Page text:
In using the invention the stud members 16 are attached to the wall to be insulated at spaced intervals, such as a spacing equal to the standard width of the blankets of insulation being employed. If the blankets of insulation are 24 inches wide then the stud members 16 are spaced 24 inches wide. The workman inserts a block of insulation 12 between the adjacent studs. Moving in the direction of placement of the insulation on the wall 10, the workman then inserts a tine 18 which extends within the first block 12 installed, impaling the block of insulation. This leaves the opposite one-half of the tine extending out from the stud. The next block of insulation is slid into position by forcing it against the pointed end of the tine so that it extends within the insulation block. The opposite end of the block is then positioned against the wall adjacent the next stud 20 which does not yet have a tine within it. The workmen then inserts a tine in the next stud and continually repeats the process until the insulation is completely installed.

After the blankets of insulation are installed the stud 16 and tine 18 are substantially insulated by the insulation while at the same time serving to retain the blankets of insulation in position. If it becomes necessary to replace the insulation it can be seen that the tines and stud members can be easily reused and the blocks of insulation removed by reversing the process of installation.

The invention has unique characteristics which may not be readily apparent from first observation. First, the device is extremely economical of manufacture compared with other known devices. This is particularly true since all portions of it may be cut from strips of stock metal of the same width and thickness. Second, the device is exceedingly easy to use. It does not require one piece to be turned or rotated relative to the other but only that the tine be inserted in the slot 24 and extended so that the increased width areas 40A and 40B contact the shank portion 20. Third, the device is exceedingly strong for the amount of material employed. By the angular placement of slot 24 relative to the longitudinal axis of the shank portion 20 the tine 18 is capable of resisting substantial force before it would bend as the force is applied perpendicular to the wall 10. At the same time, by this angle of displacement the tine resists forces parallel to the wall 10. Thus a relatively inexpensive material can be used in a unique way to provide strength which otherwise would require the use of more complex and expensive structural materials.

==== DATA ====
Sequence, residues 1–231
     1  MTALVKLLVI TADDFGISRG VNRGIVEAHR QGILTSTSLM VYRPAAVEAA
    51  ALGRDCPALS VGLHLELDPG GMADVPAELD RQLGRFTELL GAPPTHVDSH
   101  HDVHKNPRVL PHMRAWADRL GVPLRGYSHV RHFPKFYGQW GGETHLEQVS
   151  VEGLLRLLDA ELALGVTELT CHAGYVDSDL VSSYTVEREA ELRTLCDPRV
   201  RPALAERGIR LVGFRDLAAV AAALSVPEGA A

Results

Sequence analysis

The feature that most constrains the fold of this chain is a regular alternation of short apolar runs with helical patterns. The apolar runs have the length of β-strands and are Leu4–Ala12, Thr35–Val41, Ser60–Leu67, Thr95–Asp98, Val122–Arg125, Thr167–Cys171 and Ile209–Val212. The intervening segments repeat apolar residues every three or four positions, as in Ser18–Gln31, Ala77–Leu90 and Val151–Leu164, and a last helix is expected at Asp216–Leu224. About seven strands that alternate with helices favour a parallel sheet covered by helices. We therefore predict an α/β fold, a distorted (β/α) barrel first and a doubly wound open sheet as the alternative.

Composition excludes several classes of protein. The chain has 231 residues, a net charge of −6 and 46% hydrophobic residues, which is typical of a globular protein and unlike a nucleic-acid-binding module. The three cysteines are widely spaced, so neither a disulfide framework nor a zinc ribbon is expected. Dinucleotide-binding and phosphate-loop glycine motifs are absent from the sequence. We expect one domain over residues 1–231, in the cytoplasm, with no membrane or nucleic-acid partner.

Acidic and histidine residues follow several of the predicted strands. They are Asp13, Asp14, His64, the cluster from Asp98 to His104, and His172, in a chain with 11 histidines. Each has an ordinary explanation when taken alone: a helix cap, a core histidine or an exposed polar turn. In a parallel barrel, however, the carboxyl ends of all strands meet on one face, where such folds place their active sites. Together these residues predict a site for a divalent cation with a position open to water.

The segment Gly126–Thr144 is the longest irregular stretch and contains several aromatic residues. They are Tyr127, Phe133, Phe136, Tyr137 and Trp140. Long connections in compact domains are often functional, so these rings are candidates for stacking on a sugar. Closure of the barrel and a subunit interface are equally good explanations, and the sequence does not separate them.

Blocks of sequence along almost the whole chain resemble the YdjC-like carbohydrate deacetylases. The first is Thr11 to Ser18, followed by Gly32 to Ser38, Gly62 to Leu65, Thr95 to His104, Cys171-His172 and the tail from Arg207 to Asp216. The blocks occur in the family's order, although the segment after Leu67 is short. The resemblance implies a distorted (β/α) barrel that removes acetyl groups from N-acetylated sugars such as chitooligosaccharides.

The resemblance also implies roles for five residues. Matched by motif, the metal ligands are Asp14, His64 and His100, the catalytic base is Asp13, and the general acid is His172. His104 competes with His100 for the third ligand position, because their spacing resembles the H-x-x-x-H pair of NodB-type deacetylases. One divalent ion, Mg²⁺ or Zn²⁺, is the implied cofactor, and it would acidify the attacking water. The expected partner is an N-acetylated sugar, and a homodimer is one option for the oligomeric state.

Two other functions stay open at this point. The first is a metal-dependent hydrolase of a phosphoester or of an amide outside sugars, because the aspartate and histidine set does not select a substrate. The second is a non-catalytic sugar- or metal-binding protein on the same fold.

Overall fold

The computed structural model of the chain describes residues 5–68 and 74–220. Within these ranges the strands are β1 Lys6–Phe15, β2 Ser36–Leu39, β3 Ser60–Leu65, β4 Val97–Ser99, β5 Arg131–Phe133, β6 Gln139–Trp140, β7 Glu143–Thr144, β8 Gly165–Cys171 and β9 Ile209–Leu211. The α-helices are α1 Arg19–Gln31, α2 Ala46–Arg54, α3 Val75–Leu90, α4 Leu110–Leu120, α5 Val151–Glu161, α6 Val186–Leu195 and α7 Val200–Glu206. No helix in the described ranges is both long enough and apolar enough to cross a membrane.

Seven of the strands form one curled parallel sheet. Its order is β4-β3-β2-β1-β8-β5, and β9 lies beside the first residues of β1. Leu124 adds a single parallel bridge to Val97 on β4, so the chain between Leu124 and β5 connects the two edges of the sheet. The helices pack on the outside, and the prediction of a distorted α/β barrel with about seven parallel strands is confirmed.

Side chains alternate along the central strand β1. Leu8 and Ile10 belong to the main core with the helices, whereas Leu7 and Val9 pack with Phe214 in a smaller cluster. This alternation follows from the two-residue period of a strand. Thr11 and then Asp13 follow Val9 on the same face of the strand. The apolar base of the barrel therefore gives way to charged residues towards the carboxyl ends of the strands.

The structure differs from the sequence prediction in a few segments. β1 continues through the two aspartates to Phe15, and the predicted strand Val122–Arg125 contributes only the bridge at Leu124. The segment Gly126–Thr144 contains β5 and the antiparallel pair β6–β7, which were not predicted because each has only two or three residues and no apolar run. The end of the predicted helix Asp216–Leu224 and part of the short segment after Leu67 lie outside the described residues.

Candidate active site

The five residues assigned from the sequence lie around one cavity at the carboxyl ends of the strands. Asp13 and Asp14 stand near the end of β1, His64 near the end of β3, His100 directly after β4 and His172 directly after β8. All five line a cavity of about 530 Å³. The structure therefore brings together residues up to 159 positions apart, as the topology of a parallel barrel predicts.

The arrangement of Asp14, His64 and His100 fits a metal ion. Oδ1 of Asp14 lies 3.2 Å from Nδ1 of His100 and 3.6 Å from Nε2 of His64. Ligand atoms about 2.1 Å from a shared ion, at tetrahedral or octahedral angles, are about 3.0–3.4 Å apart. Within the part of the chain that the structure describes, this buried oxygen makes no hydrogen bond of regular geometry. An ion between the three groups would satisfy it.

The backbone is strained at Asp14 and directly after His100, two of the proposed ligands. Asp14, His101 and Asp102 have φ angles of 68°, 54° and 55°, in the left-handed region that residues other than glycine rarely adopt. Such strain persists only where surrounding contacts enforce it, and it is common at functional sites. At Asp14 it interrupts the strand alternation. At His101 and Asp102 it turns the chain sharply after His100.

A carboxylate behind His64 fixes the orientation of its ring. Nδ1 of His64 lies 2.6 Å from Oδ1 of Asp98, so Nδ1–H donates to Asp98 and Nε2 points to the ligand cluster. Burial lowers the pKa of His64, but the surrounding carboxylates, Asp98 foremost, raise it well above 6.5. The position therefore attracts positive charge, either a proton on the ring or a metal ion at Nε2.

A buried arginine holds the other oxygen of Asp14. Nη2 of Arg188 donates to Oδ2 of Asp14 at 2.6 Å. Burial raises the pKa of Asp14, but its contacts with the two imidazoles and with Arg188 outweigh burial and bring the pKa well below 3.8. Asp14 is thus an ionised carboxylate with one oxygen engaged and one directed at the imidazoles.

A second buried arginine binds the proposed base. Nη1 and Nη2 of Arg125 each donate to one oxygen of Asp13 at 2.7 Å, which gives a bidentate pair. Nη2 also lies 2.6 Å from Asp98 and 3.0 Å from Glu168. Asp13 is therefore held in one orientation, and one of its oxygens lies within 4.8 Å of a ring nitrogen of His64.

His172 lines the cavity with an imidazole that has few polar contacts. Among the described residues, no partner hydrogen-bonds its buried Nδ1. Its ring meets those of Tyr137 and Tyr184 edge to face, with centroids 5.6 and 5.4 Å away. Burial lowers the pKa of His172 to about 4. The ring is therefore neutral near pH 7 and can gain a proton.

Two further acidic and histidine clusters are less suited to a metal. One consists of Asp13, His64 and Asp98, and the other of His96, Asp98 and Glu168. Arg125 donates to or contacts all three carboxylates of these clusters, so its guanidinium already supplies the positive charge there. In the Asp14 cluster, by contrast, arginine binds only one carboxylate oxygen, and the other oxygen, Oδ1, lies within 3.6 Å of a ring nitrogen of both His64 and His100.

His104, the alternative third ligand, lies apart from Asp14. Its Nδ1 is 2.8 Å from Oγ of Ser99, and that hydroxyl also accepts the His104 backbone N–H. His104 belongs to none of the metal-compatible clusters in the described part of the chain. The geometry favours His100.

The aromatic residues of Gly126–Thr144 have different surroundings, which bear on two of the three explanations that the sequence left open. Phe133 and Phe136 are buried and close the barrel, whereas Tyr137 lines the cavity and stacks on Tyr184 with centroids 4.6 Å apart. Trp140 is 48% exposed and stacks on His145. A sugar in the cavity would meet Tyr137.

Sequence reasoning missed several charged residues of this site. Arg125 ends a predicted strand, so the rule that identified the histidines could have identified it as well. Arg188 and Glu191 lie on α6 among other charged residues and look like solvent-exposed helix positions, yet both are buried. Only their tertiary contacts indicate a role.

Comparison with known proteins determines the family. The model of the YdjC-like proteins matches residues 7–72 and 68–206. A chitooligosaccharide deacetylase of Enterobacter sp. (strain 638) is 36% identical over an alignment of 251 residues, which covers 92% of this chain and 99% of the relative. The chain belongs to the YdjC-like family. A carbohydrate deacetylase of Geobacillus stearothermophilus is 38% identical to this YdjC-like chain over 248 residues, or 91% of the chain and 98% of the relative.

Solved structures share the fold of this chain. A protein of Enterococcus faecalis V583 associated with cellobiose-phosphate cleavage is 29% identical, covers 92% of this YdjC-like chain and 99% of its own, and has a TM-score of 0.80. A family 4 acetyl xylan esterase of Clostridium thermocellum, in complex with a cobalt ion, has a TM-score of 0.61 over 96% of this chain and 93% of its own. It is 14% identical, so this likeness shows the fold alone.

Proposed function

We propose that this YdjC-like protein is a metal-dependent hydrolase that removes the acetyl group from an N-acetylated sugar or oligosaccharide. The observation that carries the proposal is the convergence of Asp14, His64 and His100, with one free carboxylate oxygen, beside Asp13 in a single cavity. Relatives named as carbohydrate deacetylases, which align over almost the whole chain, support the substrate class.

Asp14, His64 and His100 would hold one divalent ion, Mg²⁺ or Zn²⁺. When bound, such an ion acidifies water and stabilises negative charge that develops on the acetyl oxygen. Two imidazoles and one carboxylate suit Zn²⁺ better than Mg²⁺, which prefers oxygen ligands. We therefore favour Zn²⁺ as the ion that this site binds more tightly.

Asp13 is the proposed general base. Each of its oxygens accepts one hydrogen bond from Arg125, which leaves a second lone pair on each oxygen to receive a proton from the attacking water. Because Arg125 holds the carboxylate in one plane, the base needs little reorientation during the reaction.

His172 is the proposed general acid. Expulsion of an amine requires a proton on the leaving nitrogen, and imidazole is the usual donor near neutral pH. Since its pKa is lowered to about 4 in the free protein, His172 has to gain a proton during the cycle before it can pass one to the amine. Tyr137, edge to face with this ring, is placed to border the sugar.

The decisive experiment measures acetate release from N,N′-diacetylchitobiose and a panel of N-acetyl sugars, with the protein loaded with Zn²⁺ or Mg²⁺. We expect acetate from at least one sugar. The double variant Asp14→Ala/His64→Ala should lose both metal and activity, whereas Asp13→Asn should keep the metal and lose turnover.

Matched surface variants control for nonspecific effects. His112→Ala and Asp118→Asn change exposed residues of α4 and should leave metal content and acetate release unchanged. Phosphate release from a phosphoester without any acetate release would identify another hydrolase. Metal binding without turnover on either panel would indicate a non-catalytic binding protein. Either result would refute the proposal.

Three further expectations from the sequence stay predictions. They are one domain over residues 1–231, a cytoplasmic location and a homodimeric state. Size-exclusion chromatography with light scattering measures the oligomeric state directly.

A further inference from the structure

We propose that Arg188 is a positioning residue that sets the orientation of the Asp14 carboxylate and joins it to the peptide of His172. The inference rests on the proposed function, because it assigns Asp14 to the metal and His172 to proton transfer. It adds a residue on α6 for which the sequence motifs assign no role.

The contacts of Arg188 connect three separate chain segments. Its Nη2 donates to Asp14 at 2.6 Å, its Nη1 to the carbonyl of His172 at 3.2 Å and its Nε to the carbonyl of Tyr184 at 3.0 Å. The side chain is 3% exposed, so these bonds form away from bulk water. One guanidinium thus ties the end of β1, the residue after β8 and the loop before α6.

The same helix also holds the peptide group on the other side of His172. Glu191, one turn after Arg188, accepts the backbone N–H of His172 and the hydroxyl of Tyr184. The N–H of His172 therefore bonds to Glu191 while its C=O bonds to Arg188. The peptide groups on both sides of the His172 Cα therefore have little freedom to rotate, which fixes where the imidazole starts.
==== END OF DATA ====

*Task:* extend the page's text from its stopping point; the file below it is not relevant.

While the invention has been described with a certain degree of particularity, it is manifest that many changes may be made in the details of construction and the arrangement of components without departing from the spirit and scope of this disclosure. It is understood that the invention is not limited to the embodiments set forth herein for purposes of exemplification, but is to be limited only by the scope of the attached claim or claims, including the full range of equivalency to which each element thereof is entitled.

Patent Citations
Cited PatentFiling datePublication dateApplicantTitle
US3031044 *Nov 4, 1957Apr 24, 1962R C Mahon CompanyFire retardant wall construction
US4244269 *Oct 30, 1978Jan 13, 1981Transco, Inc.Prong-type fastener
US4248023 *Jul 26, 1979Feb 3, 1981A. P. Green Refractories Co.Insulated ceramic fiber refractory module
US4478022 *May 18, 1982Oct 23, 1984Ksm Fastening Systems Inc.Insulation system and method and apparatus for retaining same
DE1134496B *Sep 5, 1960Aug 9, 1962Bau Und Isolierstoffe M B H GeSchalenfoermige viereckige Verkleidungsplatte aus Kunststoff und Verkleidung aus derartigen Platten
Referenced by
Citing PatentFiling datePublication dateApplicantTitle
US4702045 *Jul 28, 1986Oct 27, 1987Siegfried FrickerAnchor for concreting into heavy loads
US4779393 *Jul 6, 1987Oct 25, 1988Jong Slosson BBuilding methods and structures
US4928466 *Jun 5, 1989May 29, 1990Alexander Michael ERetaining and anchoring hardware for a ceramic fiber module
US5014482 *Jun 5, 1989May 14, 1991Alexander Michael EInsulation retaining apparatus
US5086602 *Mar 27, 1991Feb 11, 1992Tech-Crete Processors Ltd.Insulation clip
US5353567 *Apr 12, 1993Oct 11, 1994Premier Refractories And Chemicals, Inc.Insulation module assembly and apparatus for installation
U.S. Classification52/509, 52/715
International ClassificationF27D1/14
Cooperative ClassificationF27D1/144
European ClassificationF27D1/14B
Legal Events
Aug 25, 1997FPAYFee payment
Year of fee payment: 12
Aug 25, 1993FPAYFee payment
Year of fee payment: 8
Mar 17, 1989FPAYFee payment
Year of fee payment: 4
Dec 12, 1983ASAssignment
Effective date: 19831206